Three out of four of the Colorado Avalanche’s last contests have resulted in a one-goal victory for the Avs. The fourth game was a one-goal loss suffered by a third period collapse of focus. Of those three victories, two came via a shootout, which never really had to take place.
Those two games in question can ultimately be compared to the age-old debate: Is the glass half full or half empty?
Colorado’s season definitely has had its share of highs and lows so far. The Avalanche started the year out playing what looked like muddled hockey. Their defense was sloppy and their attack was lackadaisical at best.
A lot of questions began to surface as the Avalanche headed into the second quarter of the season. Then the Avs started to find comfort at home winning seven straight at the Pepsi Center.
Still, as a follower of the Avalanche, I am constantly trying to put things into perspective. I have analyzed Colorado’s last four games rather closely, starting with the home-and-home against the San Jose Sharks. What I have found is that the Avalanche, depending on your perspective, are a great or terrible team going into the third period of these four games.
December 13, 2011, pitted the Colorado Avalanche against the San Jose Sharks in Denver, CO. The Avs were clinging to a one-goal lead late into the third period when the Sharks decided to pull their goalie for an extra attacker. With 22 seconds remaining in regulation, Sharks winger Patrick Marleau put in the game-tying goal.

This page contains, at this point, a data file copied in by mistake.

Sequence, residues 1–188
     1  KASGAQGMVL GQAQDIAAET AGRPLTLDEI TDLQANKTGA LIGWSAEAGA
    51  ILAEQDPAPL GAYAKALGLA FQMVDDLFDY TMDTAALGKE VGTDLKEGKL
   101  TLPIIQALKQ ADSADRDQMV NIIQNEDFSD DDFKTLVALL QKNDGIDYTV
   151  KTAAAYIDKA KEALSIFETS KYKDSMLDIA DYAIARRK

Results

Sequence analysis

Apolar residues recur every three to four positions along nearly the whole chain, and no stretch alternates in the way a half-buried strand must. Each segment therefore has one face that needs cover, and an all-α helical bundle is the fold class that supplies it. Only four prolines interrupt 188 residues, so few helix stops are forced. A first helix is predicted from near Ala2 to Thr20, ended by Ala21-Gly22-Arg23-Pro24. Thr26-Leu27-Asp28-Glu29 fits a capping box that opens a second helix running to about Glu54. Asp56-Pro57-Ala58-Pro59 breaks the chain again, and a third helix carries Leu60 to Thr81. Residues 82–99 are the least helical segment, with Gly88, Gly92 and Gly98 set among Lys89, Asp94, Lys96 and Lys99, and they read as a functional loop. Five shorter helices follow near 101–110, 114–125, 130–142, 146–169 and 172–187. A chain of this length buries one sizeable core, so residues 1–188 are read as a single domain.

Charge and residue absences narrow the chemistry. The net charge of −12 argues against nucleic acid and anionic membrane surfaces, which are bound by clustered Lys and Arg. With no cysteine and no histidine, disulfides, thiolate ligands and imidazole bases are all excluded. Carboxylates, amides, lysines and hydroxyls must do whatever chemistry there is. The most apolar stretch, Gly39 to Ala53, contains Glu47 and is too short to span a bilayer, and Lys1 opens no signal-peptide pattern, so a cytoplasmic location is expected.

After the five minute overtime session the game went to a shootout. The Avalanche, up to this point, were 4-0 in shootouts. After Colorado buried two shots and the Sharks only scored once, the Avalanche improved to 5-0 in shootouts.
Let’s take a look at the viewpoint of this game. The “glass half empty” type will say that the Avalanche should have never let this game get to a shootout, which is true. The Avs defense had trouble with the extra skater on the ice.
The Sharks seemed to look like they were overpowering Colorado in the final minute of regulation.
Now let’s look at the “glass half full” approach. The Avalanche let in the game-tying goal late in the third period, but responded by exhibiting a strong back check and applying pressure in the San Jose end throughout the overtime period.
Then, as if on cue, the Avs turned on the magic, winning their fourth straight shootout.
The next game showed a complete mental breakdown in the third period by the Avalanche. After going into the locker room up 4-2 at the end of two periods, the Avalanche gave up three goals in a matter of minutes midway through the third period and lost all momentum they had established.
This game proved to be what the Avalanche needed going back to the Pepsi Center to take on the Washington Capitals.
Colorado, once again, found themselves clinging to a one-goal lead late in the third period. This time, the defense for the Avalanche stepped up and did their job, not allowing a clear shot on goal and clearing the puck when they had the opportunity.
Colorado’s defense did what they needed to do and the Avs came away with a victory.
December 19, 2011, brought the Philadelphia Flyers to the Pepsi Center to faceoff against the Avalanche. Like the previous game, the Avs go late into the third period clutching to a one-goal lead. Unlike the previous game, the Avalanche let in another game-tying goal late in the period.
After converting on all three of their opening shootout goals, the Avalanche improve to 6-0 in shootouts.
The Colorado-Philadelphia game comes down to perspective. The Avalanche defense struggled against the extra attacker. However, when the Avs needed it the most, their offense and goaltending rose to meet the challenge of what it takes to pull out yet another shootout victory.